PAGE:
Which nine countries voted against Palestine's UN membership?

The US, Israel's strongest ally at the UN, declared earlier that it would vote against the resolution

The United Nations building in New York. Reuters
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Nine UN member states voted on Friday against supporting Palestine's bid for full membership in the world body, including the United States.

Most of these countries also voted against Palestine being granted non-member observer state status in 2012.

United States

The US, Israel's strongest ally at the UN, had declared earlier on Friday that it would vote against the resolution in the General Assembly.

Before the vote, Nate Evans, spokesman for the US mission to the UN said Washington would be voting “no” on the resolution and encouraged other member states to do the same.

He added that, “should the General Assembly adopt this resolution and refer the Palestinian membership application back to the Security Council, we expect a similar outcome to what occurred in April”.

On April 18, the US vetoed a Security Council resolution that would have approved Palestine's bid for full membership.


Israel has consistently voted against Palestine's membership in the UN.

In 2012, it voted, along with the US, against it receiving observer status in the world body.

Before Friday's vote, Israel's ambassador Gilad Erdan physically fed a copy of the UN Charter into a shredder to illustrate what he said was the General Assembly's disregard for the document.

And Israeli Foreign Minister Israel Katz said after the vote that the decision was a “prize for Hamas”.

Czech Republic

The Czech Republic has historically been more pro-Israel and pro-US.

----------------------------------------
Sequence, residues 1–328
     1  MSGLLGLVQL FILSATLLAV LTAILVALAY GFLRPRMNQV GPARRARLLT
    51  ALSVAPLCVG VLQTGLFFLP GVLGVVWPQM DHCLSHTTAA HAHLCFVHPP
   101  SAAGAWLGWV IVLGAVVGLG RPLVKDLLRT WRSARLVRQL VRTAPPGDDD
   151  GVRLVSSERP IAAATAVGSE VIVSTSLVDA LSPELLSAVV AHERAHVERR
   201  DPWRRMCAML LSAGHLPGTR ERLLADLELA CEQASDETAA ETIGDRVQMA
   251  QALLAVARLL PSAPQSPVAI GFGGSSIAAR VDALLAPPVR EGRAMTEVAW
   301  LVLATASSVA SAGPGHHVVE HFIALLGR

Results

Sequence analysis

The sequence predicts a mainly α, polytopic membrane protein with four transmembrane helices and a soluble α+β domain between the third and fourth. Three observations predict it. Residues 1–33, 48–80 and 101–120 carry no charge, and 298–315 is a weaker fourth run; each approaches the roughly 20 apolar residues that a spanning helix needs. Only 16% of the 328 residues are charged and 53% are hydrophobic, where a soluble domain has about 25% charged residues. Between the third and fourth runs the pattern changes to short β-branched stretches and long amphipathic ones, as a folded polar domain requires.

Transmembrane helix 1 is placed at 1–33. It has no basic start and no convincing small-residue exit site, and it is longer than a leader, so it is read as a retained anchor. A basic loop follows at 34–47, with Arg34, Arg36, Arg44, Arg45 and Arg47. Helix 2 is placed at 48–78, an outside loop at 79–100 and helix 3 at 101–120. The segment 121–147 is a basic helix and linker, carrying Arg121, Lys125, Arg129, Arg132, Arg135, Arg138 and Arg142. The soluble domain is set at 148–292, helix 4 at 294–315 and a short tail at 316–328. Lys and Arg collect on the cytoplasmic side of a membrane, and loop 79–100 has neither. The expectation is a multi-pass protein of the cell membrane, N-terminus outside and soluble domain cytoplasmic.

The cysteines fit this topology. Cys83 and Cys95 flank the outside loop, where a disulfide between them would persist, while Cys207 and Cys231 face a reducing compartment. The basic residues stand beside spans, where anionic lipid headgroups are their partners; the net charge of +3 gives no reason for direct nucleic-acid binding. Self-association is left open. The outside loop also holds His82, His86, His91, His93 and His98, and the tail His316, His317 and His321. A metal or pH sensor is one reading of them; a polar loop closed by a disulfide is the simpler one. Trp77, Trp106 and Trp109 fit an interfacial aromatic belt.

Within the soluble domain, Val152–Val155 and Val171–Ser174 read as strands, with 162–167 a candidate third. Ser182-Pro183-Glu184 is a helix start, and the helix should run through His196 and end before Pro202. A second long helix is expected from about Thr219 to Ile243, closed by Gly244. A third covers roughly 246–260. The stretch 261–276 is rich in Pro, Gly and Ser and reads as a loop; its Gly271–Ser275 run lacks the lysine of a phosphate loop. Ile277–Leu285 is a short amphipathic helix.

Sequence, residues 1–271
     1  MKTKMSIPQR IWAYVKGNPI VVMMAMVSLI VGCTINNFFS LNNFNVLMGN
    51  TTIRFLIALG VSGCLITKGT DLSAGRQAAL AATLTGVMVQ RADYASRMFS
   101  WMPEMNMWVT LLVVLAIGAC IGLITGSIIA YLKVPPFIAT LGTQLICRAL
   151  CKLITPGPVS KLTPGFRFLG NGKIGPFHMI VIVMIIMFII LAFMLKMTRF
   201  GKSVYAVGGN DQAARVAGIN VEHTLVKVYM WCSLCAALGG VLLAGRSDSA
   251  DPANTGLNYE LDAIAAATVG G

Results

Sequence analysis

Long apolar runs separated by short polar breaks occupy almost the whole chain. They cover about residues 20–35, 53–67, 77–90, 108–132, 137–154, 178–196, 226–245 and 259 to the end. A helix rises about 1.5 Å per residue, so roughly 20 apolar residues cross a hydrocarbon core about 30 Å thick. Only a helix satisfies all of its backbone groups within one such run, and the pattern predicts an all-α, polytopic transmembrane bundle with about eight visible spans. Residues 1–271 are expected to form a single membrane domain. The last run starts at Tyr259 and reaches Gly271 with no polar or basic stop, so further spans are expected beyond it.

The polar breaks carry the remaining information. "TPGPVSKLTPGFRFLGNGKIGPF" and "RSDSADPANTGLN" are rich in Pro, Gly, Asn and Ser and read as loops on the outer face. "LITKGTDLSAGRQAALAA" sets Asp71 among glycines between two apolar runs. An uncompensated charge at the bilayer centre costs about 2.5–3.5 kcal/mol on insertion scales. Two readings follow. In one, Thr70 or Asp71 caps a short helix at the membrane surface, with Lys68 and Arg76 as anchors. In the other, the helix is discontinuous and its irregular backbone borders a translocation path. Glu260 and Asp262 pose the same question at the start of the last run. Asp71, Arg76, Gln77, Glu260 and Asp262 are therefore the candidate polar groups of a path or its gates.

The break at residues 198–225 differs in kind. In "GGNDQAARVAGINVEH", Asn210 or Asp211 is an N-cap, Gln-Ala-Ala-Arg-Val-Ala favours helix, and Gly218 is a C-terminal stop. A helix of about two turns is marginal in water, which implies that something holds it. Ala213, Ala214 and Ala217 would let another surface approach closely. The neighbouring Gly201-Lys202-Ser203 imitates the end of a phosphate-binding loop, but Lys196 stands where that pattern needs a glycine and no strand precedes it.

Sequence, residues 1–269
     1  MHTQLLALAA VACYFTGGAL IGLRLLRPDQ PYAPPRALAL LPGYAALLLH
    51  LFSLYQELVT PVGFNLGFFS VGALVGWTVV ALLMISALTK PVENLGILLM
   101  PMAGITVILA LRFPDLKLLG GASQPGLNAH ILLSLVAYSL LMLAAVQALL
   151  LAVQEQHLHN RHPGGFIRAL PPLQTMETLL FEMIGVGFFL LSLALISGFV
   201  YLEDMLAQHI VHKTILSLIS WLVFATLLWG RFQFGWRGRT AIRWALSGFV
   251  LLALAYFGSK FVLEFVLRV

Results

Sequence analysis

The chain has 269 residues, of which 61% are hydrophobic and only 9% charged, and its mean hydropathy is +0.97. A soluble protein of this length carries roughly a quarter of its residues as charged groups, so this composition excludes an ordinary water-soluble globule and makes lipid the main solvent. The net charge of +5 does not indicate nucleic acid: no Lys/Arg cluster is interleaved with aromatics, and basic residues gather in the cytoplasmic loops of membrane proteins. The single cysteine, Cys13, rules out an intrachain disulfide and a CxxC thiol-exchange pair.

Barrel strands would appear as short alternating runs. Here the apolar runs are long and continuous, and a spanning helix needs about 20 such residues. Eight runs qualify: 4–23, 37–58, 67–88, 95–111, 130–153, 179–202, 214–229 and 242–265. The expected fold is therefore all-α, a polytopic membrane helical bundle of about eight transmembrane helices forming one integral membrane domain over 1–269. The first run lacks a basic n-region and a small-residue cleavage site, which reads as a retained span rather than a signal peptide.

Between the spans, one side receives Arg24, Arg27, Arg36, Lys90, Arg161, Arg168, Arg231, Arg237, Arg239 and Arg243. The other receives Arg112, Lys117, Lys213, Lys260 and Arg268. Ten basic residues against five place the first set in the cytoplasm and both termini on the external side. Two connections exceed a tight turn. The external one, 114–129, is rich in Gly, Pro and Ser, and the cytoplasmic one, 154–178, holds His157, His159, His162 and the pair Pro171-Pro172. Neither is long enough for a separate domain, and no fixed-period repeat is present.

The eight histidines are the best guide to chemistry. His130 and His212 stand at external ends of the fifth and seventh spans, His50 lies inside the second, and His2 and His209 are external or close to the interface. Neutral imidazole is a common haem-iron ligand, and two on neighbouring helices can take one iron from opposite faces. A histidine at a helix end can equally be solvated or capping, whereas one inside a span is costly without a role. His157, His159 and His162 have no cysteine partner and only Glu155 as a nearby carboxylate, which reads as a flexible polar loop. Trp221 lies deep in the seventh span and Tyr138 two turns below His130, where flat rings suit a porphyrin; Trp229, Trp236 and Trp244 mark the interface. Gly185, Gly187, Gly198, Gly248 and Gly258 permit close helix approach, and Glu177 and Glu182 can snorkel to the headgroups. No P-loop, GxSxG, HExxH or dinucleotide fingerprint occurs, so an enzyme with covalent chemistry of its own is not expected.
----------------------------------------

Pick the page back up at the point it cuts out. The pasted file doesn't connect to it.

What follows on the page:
Its UN representative told the 193 member states after the vote on Friday that the people in the region deserve the prospect of a peaceful solution that will permanently resolve the conflict.

Jakub Kulhanek said that UN membership will not bring peace and prosperity to Palestinians, adding that this can only be done at the negotiating table, where all parties will need to “make difficult political decisions and compromises – and that is actually what we should all strive for”.

He encouraged the region to “embark on a path of co-operation including through the Abraham Accords to foster a better future for the Middle East”.


Along with the Czech Republic, Hungary is one of Israel's closest allies in Europe.

Viktor Orban, the Hungarian Prime Minister, has had a close relationship with his Israeli counterpart Benjamin Netanyahu for many years.

In October, Hungary voted against a humanitarian ceasefire in Gaza.


Argentina has historically strong relations with both Israel and Arab countries, and it recognised the State of Palestine as “free and independent”, “within the borders existing in 1967" in 2010.

New President Javier Milei visited Israel in February and has pledged to move his nation’s embassy to Jerusalem, indicating a significant change in Buenos Aires's foreign policy, following years of supporting Arab nations.

Mr Milei has also announced that his government will declare Hamas a proscribed terrorist group, noting that Argentine citizens were among the hundreds of people taken hostage by the group on October 7.

Micronesia, Papua New Guinea, Palau and Nauru

The Marshall Islands, Micronesia, Nauru, and Palau are small Pacific island states and have historically aligned their votes closely with the US.

In 2010, for example, Micronesia voted in agreement with the US 47 times and diverged only three times.

Palau's voting record has aligned with that of the US about 96.5 per cent of the time.

Richard Gowan, UN director for International Crisis Group, told The National this group of hard “no” voters is “mostly predictable”.

He pointed out that what was striking is that a number of US allies, like Australia, that might have not supported this resolution six months ago, decided to do so on Friday.

“I do think the prolonged war in Gaza has shifted the overall mood in the UN about the need to get to a two-state solution.”

Updated: May 14, 2024, 7:20 AM